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Entrepreneurial approaches to
Marketing: driving business
growth, ensuring sustainability
Dr Rosalind Jones, MBA, PhD,
PGCertHE, Chartered Marketer MCIM.
Lecturer in Marketing
Bangor Business School
[email protected]
My background
‘Chartered Marketer’ Ambassador of Small
Businesses- CIM North Wales Region
 Co-Chair of the Entrepreneurial and Small
Business Marketing Special Interest Group,
Academy of Marketing
 Strategic marketing experiencepublic/private/voluntary sectors
 Marketer/consultancy in SME firms
 Research in industries such as technology,
Why is SME Research Important?
Micro, small and medium-sized enterprises
(SMEs) are socially and economically important,
they represent 99 % of an estimated 23 million
enterprises in the EU
 They provide around 75 million jobs
representing two-thirds of all employment.
 SMEs contribute up to 80% of employment in
some industrial sectors, such as textiles,
construction or furniture.
 Important for the NW Wales Region- socially &
economically deprived
SME growth and Entrepreneurial
This presentation presents ideas for growth strategies
for Small Businesses based on current research and, key
concepts and theories
 The focus of this presentation is on small businesses
 Using Entrepreneurial Marketing (EM) approaches
 As such we challenge traditional notions of marketing &
management theory and practice.
The presentation reports on the issues for small
business; and addresses some of the issues facing
business owners, managers and marketers in
contemporary business environments.
Small Business Constraints
Lack of time to manage Lack of business resources- finance,
employees, marketing experience
 Difficulty in predicting future market
changes-market research costs-marketing
& business planning- especially in
fragmented/highly competitive markets
 Limited geographic scope in large markets
because of size
The Entrepreneurial Marketing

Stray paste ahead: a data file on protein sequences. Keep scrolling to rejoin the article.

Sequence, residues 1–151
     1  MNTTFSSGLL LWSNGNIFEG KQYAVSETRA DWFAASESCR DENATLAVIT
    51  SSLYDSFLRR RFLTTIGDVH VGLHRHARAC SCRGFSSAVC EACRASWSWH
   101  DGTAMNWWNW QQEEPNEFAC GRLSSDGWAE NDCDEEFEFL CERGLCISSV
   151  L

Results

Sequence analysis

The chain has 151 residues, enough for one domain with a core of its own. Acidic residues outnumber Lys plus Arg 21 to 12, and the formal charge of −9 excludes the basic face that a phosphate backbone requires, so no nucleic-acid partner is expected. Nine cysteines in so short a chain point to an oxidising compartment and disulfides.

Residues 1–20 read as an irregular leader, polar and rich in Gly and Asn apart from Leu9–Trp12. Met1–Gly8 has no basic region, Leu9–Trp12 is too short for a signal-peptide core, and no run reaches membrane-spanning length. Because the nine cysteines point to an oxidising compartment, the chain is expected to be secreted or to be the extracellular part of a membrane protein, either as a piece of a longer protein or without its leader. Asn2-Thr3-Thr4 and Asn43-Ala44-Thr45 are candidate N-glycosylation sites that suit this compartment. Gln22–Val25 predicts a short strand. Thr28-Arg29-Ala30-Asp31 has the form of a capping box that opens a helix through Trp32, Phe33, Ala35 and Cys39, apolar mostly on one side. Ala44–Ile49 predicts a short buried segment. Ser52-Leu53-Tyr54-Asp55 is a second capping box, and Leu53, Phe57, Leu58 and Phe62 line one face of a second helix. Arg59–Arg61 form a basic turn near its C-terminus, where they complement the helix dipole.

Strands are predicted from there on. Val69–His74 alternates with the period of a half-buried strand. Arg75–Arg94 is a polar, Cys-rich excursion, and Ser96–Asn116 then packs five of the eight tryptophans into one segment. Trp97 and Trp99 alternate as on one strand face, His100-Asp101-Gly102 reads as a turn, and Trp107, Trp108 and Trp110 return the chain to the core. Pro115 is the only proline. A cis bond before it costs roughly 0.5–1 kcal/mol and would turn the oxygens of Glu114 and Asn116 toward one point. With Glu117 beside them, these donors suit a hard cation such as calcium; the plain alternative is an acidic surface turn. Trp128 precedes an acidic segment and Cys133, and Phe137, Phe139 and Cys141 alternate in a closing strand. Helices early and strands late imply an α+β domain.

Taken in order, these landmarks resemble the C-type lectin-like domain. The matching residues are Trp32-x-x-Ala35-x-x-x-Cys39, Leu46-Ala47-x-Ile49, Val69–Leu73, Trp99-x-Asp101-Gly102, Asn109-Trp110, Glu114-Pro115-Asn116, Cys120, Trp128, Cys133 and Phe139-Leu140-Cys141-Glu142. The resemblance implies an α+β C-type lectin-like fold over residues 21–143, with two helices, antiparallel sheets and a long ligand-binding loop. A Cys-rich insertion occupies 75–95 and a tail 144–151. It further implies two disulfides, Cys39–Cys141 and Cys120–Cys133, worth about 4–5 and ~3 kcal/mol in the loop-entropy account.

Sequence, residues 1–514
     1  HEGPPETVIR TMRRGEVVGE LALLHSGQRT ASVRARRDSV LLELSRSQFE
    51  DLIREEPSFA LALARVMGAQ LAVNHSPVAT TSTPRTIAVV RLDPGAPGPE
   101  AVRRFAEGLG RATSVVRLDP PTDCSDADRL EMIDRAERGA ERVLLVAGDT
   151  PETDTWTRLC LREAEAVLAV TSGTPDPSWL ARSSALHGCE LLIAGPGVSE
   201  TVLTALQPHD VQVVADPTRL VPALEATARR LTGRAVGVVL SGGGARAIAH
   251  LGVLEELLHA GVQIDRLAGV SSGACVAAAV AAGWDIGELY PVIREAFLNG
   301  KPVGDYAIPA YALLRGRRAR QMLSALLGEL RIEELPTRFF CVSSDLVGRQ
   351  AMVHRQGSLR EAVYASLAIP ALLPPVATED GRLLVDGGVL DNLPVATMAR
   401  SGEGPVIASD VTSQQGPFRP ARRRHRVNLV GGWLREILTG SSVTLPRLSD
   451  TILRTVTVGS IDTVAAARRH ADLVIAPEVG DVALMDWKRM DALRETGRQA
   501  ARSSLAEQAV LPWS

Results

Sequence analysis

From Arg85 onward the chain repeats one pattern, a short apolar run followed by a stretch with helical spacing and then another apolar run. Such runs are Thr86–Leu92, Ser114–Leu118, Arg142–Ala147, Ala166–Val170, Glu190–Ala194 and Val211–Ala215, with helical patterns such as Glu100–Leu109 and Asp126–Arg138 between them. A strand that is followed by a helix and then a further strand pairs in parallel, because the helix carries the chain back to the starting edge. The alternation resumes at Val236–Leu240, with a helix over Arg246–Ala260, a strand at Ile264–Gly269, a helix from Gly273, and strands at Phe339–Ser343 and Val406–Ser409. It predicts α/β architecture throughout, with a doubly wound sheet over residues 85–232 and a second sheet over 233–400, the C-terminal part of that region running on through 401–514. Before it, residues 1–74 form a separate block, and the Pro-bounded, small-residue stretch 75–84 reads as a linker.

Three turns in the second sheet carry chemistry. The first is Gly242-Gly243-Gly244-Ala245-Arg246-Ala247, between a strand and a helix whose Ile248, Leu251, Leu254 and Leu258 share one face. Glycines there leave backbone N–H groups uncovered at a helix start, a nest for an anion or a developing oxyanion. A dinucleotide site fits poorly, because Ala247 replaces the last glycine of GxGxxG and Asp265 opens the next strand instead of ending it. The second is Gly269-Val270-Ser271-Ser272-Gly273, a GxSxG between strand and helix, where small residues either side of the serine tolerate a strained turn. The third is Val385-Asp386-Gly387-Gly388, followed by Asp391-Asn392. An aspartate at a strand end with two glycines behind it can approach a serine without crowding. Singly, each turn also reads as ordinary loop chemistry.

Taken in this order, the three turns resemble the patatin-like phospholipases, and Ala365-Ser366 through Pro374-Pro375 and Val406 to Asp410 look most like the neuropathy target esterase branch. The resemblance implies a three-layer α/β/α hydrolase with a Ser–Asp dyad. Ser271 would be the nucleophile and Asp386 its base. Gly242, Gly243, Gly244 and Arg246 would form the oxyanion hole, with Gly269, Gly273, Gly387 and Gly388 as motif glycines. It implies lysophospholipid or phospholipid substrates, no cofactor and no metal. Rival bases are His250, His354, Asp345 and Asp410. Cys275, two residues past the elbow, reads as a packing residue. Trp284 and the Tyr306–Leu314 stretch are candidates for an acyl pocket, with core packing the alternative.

perspectiveGlobal research in different sectors and
 Globalization, developing regions, new
economies, sustainability through
economic crises, e-business.
 We have learnt from what successful
growth focussed firms do- i.e.
differentiation of products/services, niche
markets, blue ocean strategies
Cows, after you’ve seen them for a while, are
boring. They may be perfect cows, attractive cows,
cows with great personalities, cows lit by beautiful
light, but they’re still boring.
A Purple Cow, though. Now that would be
interesting. – Seth Godin, 2002
Gardner (1994, p. 37) :
‘‘the interface of entrepreneurial behaviour and marketing is that where
innovation is brought to market. Marketing’s role in innovation, then, is
to provide the concepts, tools, and infrastructure to close the gap
between innovation and market positioning to achieve sustainable
competitive advantage.’’
Traditional MarketingPerception of Marketing- the 4 Ps of
Marketing- produce, price, promotion,
 Successful marketing in SMEs is different!
 Common perception of marketingadvertising and promotion- fliers,
newspaper advertising, exhibitions etc.
 Here- we cover key salient points for SME
Entrepreneurial & SME Marketing
Relationship Marketing
Getting close to your customer/markets
Leading customers- co-creation- incremental/
radical innovations
Networks- business, innovation, marketing,
industry, personal contact networks (PCNs)
Opportunity seeking- new markets, extended
product/service lines, shared opportunities,
partnering, alliances
Reputation effects- branding for small business
Cost-effective Marketing
Most new ventures and small firms have
limited budgets for marketing (finding new
 Interesting approaches for cheap,
aggressive marketing techniques
(Schindehutte et al., 2009- examples of